Another big change to marriage and how marriages are treated under the law and viewed by society came with the increase and change in the reasons for divorce in the 20th century. In 1971, Michigan was one of the first states to change their divorce laws to “no-fault” divorce. Prior to this, a couple could only divorce if it no longer served a state interest. It had to be shown to fault against the state (not the other spouse). If the marriage no longer served social order because of abuse in the home, or if the purposes of economic support were abandoned because the husband deserted the wife, then a divorce would be granted to free the spouses to enter into a new marriage and restore the social order and economics. When no-fault divorce was instituted, the focus changed from a the state’s interests to consent of the parties. If the parties no longer consented to be married, then they could be granted a divorce.
There are numerous ways in which states regulate who can marry. Interracial marriage bans were instituted in many states but all of these regulations only prohibited a non-white person from marrying a white person. No other racial combinations where prohibited. These laws were not reciprocal and undermined the claim that God’s plan was to keep the races apart, that nature would not have made people look different if they were intended to marry. Those laws changed and moved in a direction of consent and moved to a position of gender neutral rights and roles under the law.
Alarmists say that same sex marriages would undercut the institution of marriage. There is a consistent theme among various marriage bans that any change would be opposed as unnatural. However, the changes that have happened so far have not, in fact, undercut marriage. The government knew that there was sexual intimacy between people of different racial backgrounds and that the ban did not prevent this but rather that bans only served to demean the couples, putting social pressure and stigma on the couple.
The effect of the changes to marriage laws over the years has been to make marriage more equalitarian between the spouses , make it an institution of choice and consent, and the State honoring the couple’s decision to remain a unit for as long as the consent continues. In the face of this it shows that marriage is has resilliance and can be adjusted with the legal, social, and economic changes of society. This has actually helped keep marriage as a viable choice for people in today’s society. Opposite sex marriages have not suffered because of same sex marriage. After 10 years of marriage equality in Massachusetts, marriage remains a health institution. If anything, younger populations of opposite sex couples are saying they do not want to marry if others can’t. Overall, there is no evidence of harm to opposite sex marriages. Professor Cott’s predictions for the future: history shows changes made to the institution of marriage to bring it up to date have been beneficial to the institution of marriage.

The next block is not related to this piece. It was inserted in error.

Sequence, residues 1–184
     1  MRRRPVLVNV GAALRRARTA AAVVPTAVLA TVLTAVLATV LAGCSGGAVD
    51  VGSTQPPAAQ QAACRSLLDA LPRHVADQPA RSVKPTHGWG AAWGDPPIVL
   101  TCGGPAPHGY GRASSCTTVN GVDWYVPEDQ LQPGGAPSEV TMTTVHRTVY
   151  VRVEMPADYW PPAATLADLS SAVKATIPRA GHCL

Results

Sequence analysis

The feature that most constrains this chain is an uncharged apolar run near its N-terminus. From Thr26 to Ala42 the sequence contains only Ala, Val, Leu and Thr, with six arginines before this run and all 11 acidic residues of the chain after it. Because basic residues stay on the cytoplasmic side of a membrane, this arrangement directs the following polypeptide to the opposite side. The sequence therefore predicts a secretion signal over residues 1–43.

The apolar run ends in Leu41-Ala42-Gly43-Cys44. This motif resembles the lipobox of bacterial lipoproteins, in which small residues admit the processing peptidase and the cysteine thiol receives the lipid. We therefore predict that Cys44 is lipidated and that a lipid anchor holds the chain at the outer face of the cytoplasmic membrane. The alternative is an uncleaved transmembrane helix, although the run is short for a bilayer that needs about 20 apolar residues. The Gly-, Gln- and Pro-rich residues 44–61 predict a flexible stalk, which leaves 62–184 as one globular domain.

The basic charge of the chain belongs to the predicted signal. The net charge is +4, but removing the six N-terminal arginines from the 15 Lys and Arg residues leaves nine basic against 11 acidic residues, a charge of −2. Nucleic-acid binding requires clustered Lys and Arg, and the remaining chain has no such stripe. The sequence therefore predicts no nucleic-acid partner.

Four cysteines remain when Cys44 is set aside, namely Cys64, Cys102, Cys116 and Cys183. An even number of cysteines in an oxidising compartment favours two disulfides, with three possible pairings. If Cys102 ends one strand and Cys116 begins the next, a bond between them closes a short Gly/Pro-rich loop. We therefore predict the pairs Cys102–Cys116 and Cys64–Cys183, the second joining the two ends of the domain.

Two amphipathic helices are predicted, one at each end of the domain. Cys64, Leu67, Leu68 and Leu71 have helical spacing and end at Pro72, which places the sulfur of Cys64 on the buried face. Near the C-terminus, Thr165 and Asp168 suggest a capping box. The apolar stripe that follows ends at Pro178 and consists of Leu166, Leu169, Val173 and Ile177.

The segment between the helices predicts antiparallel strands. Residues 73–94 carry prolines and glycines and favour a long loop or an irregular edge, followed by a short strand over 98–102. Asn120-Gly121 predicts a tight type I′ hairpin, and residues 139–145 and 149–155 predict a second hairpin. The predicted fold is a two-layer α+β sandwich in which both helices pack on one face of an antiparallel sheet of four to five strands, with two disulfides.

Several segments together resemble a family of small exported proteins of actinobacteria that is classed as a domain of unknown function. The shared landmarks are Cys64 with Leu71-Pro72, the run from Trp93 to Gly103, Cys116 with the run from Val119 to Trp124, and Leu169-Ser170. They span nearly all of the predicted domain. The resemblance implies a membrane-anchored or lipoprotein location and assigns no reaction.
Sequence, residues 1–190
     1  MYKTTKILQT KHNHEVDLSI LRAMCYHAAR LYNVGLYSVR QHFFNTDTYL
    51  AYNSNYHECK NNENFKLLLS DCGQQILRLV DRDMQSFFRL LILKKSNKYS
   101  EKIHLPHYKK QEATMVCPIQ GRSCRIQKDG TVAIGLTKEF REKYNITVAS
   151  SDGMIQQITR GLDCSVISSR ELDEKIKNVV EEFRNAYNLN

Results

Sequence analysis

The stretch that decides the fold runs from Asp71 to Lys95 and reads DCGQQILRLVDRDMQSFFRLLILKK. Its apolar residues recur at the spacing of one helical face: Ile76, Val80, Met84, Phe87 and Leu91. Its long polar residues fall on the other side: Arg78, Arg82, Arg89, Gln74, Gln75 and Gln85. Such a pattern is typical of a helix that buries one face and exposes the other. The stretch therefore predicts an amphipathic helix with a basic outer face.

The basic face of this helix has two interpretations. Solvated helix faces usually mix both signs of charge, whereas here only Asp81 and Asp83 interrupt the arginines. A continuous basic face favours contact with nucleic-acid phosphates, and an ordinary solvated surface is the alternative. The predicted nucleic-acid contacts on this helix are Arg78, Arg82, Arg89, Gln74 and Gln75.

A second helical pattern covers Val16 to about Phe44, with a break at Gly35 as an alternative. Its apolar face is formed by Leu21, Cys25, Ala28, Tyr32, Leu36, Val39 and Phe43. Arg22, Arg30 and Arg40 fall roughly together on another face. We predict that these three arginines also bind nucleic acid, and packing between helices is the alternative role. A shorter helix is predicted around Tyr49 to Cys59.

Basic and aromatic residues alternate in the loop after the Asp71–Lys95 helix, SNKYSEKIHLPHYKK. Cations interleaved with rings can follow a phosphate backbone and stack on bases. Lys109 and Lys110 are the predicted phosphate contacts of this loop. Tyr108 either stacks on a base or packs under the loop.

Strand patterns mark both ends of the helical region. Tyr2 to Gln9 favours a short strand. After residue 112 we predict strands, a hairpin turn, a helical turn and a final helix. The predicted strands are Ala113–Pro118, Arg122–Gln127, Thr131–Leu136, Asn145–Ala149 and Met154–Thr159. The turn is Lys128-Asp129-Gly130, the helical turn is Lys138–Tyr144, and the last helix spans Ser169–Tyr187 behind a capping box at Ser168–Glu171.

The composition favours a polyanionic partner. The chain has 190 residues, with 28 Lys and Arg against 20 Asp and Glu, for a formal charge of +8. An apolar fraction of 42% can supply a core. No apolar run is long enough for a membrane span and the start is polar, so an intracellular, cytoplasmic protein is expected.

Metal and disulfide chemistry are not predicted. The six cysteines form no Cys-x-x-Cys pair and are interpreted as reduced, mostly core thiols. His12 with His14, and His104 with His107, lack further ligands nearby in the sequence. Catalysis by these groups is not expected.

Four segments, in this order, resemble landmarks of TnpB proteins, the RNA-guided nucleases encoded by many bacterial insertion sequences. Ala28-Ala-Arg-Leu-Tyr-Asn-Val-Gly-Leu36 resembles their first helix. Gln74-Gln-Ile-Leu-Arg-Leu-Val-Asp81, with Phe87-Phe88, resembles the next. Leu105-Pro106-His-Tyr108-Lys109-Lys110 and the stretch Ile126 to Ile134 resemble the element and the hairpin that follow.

Historically, Federal restrictions relating to marriage have included the refusal to view marriage between Native Americans as valid marriage, and refusal to give validity to proxy marriages of Japanese immigrants. There were marital disincentives for American women who married non-American men. The women would forfeit their citizenship and lose all of their property. Marriage laws under coverture eventually pushed the Federal Government in a position to allow joint tax returns for married couples. Couples were moving to community property states where the law viewed assets and income of the marital couple to be owned one half by each spouse. By dividing earnings from the sole wage earner in the household between the couple, they could get a better income tax rate. Eventually the IRS gave in and began allowing joint tax returns for couples.
Conclusion: the trend toward gender equality and neutrality has laid a course for marriage. Michigan’s Constitution ban has obstructed that path.
Concludes direct examination.